Syncollin is an antibacterial polypeptide
Abstract: Syncollin is a 16‐kDa protein found predominantly in the zymogen granules of pancreatic acinar cells, with expression at lower levels in intestinal epithelial cells and neutrophils. Here, we used Strep‐tagged syncollin isolated from the supernatant of transiently transfected mammalian cells to test the hypothesis that syncollin has antibacterial properties, which might enable it to play a role in host defence in the gut and possibly elsewhere. We show that syncollin is an exceptionally thermostable protein with a circular dichroism spectrum consistent with a predominantly beta‐sheet structure. Syncollin binds to bacterial peptidoglycan and restricts the growth of representative Gram‐positive (Lactococcus lactis) and Gram‐negative (Escherichia coli) bacteria. Syncollin induces propidium iodide uptake into E. coli (but not L. lactis), indicating permeabilisation of the bacterial membrane. It also causes surface structural damage in both L. lactis and E. coli, as visualised by scanning electron microscopy. We propose that syncollin is a previously unidentified member of a large group of antimicrobial polypeptides that control the gut microbiome. Take Aways: Syncollin is a 16‐kDa protein found in pancreatic zymogen granules. Syncollin is highly thermostable and has a predominantly beta‐sheet structure. Syncollin binds peptidoglycan and restricts the growth of L. lactis and E. coli. Syncollin causes propidium iodide uptake into E. coli (but not L. lactis). Syncollin causes surface structural damage in both L. lactis and E. coli.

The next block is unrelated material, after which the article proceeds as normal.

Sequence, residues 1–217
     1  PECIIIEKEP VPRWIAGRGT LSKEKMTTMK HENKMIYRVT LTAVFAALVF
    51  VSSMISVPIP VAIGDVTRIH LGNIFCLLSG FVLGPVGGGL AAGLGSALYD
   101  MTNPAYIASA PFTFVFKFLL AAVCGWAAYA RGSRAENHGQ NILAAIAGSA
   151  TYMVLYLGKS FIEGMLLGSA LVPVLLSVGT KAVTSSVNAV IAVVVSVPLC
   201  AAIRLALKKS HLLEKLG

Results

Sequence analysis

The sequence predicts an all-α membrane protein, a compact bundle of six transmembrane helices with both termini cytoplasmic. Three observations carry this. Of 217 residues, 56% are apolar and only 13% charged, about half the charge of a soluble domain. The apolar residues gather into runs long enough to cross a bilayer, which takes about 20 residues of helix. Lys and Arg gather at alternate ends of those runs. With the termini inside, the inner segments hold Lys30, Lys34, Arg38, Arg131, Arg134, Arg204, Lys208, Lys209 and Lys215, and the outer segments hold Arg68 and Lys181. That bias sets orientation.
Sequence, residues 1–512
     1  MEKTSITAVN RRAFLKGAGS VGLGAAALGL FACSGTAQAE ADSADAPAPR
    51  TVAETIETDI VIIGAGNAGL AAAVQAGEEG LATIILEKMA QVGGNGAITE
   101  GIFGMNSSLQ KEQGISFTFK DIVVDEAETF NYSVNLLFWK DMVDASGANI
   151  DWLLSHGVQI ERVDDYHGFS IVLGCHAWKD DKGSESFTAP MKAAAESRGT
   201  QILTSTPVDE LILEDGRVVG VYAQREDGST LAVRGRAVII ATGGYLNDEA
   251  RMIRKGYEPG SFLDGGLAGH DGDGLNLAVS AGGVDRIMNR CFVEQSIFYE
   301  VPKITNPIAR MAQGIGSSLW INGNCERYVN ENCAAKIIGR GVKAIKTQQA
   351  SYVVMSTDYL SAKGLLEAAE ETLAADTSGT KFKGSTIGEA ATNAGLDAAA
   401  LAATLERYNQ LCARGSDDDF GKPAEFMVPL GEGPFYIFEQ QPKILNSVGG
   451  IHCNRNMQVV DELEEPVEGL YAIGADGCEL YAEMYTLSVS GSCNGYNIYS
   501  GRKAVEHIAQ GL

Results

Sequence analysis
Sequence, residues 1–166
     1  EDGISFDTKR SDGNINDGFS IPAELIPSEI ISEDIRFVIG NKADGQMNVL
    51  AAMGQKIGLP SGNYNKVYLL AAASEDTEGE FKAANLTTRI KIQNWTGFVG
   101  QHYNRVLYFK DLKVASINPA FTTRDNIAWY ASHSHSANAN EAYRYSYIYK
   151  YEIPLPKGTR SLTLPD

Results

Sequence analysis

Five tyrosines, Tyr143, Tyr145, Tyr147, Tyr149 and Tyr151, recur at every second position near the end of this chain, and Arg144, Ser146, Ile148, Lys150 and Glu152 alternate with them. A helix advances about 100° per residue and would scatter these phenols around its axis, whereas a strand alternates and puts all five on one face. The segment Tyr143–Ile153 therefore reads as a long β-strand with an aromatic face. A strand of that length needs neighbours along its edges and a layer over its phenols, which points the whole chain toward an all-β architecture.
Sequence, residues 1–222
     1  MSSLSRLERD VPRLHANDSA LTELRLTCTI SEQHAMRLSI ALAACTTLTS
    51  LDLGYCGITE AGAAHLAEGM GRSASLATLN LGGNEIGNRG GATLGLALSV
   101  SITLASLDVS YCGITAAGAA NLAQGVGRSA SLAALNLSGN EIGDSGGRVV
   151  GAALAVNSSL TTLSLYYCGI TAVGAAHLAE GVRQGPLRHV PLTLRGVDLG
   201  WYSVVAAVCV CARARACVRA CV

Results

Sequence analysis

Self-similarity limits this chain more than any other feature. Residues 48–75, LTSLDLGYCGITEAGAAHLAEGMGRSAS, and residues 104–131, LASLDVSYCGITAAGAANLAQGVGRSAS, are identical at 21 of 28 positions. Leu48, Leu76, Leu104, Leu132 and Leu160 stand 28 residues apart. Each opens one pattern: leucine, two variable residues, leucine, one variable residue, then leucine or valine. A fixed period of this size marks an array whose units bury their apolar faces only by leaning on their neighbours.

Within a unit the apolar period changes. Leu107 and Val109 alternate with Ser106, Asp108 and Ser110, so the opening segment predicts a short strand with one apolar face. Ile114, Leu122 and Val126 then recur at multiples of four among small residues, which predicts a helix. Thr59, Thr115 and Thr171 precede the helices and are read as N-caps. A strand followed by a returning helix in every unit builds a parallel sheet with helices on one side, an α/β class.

Funder: AstraZeneca; Id: http://dx.doi.org/10.13039/100004325
Funder: David James Studentship, Department of Pharmacology, University of Cambridge